One can increase the impedance of the second external shield without affecting the internal propagation path by adding ferrite material between the first and second external shields.
Means are described for varying the permeability within the cable, thus controlling the inductance, and facilitating control of the velocity of the electromagnetic signal carried in the external shield and jacket. The center cable core and second external shield can, for example, be biased to saturation. By passing a direct current down the coil of the second external shield, which sets up a secondary D.C. magnetic field within the cable and can change the cable permeability, the location of any nulls and peaks in response which might occur can be changed to combine with other peaks and nulls, thus smoothing the response. By passing an A.C. current down the coil, a rapidly changing field is set up, thus averaging any peaks and nulls, in effect nullifying their effect.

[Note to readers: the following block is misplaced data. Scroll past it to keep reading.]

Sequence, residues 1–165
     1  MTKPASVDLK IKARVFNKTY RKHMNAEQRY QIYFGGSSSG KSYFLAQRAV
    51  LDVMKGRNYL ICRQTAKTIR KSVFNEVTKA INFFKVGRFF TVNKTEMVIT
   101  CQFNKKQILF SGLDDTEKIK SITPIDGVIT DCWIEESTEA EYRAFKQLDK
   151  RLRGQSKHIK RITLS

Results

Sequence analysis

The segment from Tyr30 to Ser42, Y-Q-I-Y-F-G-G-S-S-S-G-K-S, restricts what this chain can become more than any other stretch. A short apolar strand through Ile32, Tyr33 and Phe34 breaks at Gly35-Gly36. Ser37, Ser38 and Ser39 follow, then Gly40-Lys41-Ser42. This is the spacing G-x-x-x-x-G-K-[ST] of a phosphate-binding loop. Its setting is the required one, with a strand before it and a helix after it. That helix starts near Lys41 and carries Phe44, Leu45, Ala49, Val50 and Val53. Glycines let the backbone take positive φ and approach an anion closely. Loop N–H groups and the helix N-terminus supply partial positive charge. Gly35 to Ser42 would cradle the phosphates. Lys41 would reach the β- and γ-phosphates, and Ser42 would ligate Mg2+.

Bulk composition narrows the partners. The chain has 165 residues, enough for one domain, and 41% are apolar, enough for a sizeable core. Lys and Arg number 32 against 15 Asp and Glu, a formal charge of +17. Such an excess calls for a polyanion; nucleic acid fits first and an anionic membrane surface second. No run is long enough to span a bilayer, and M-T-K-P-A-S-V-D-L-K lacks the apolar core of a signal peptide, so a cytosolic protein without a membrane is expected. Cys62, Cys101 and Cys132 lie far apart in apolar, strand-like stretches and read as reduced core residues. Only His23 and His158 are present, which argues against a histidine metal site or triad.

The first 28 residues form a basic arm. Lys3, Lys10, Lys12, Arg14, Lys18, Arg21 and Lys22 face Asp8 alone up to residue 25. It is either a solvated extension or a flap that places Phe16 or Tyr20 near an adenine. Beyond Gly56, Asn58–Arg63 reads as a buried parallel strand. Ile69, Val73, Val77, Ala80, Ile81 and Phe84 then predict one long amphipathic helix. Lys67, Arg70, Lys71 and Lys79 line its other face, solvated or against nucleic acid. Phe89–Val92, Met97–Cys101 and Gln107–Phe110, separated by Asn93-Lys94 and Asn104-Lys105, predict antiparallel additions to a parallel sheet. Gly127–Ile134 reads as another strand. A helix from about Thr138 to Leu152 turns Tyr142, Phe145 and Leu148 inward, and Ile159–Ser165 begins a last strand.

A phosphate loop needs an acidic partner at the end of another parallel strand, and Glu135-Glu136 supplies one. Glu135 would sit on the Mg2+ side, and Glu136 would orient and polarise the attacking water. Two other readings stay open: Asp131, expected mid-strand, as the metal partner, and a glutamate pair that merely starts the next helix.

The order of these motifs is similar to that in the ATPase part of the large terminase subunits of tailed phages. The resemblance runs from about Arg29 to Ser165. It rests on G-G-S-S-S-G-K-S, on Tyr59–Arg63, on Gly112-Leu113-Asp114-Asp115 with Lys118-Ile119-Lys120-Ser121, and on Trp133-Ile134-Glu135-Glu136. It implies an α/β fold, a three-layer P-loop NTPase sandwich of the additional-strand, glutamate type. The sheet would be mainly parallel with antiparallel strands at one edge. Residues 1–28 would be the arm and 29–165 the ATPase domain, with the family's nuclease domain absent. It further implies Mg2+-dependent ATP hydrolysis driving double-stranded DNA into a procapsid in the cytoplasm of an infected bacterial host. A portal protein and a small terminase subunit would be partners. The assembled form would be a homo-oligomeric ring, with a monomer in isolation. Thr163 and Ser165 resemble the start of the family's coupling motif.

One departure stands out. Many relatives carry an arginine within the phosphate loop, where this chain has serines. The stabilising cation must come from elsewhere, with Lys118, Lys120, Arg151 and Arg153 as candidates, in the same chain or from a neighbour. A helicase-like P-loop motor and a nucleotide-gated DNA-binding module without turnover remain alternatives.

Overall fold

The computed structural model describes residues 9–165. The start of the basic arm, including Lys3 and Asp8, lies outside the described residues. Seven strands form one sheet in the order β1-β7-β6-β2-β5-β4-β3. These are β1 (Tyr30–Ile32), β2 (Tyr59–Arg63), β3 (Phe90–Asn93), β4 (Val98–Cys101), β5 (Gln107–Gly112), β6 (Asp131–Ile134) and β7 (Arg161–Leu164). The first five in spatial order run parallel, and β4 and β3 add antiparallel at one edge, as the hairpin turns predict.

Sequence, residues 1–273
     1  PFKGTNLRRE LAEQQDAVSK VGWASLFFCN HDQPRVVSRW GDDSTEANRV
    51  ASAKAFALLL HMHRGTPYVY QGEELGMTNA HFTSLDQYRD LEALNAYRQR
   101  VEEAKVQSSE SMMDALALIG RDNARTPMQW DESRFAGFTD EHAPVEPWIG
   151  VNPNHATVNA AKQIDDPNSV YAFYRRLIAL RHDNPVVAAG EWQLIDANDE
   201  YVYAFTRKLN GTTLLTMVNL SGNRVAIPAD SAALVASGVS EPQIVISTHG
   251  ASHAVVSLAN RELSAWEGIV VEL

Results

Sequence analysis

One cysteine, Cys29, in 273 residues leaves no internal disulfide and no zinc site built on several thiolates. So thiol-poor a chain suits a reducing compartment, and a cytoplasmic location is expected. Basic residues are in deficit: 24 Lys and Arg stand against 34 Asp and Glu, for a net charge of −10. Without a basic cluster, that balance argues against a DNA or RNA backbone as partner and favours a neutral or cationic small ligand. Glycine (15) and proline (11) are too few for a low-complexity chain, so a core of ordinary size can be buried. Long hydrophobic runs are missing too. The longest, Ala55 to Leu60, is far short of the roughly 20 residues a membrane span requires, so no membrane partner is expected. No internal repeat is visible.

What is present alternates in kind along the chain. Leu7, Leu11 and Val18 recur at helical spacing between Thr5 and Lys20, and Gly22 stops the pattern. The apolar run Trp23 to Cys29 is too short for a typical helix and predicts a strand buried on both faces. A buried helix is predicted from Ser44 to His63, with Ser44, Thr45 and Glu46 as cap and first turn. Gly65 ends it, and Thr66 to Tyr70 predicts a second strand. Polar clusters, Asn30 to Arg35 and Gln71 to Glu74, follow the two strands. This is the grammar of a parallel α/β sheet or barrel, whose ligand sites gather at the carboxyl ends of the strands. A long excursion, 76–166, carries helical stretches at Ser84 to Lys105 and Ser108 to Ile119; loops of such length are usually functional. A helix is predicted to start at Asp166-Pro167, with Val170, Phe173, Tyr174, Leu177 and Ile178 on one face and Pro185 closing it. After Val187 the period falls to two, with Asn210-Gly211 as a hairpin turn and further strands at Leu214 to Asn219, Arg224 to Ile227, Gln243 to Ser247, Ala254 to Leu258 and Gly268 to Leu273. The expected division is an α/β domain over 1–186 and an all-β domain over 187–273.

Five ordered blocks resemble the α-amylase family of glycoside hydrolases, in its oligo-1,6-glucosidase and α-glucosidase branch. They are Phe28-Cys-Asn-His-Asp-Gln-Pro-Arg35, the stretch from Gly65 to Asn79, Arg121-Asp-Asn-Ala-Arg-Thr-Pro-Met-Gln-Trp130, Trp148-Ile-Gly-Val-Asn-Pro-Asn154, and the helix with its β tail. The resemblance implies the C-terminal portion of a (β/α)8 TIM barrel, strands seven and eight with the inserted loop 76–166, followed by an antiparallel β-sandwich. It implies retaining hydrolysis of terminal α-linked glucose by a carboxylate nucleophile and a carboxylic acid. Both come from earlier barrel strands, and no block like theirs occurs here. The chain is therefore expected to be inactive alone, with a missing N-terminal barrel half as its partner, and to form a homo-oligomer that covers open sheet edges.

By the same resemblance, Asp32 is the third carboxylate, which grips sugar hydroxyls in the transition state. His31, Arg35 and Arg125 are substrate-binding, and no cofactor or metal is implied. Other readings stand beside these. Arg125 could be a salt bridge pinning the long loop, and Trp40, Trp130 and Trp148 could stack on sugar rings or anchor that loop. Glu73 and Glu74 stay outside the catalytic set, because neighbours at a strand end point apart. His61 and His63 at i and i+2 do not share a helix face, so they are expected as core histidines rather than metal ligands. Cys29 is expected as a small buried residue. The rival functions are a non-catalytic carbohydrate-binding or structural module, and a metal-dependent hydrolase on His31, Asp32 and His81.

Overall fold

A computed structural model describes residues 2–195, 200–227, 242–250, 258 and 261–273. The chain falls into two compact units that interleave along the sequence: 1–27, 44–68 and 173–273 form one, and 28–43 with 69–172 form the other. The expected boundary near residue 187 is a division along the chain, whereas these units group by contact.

A preferred embodiment of the invention is a leaky coaxial cable comprising an inner conductor, a dielectric surrounding the inner conductor, a first external shield having low series impedance at VHF frequencies surrounding the dielectric, means for coupling a magnetic field through the first external shield, a second external shield surrounding the first external shield having high series impedance relative to series impedance of the first external shield and means for limiting VHF conduction current between the shields, which effectively causes separation of the internal and external propagation fields of the cables.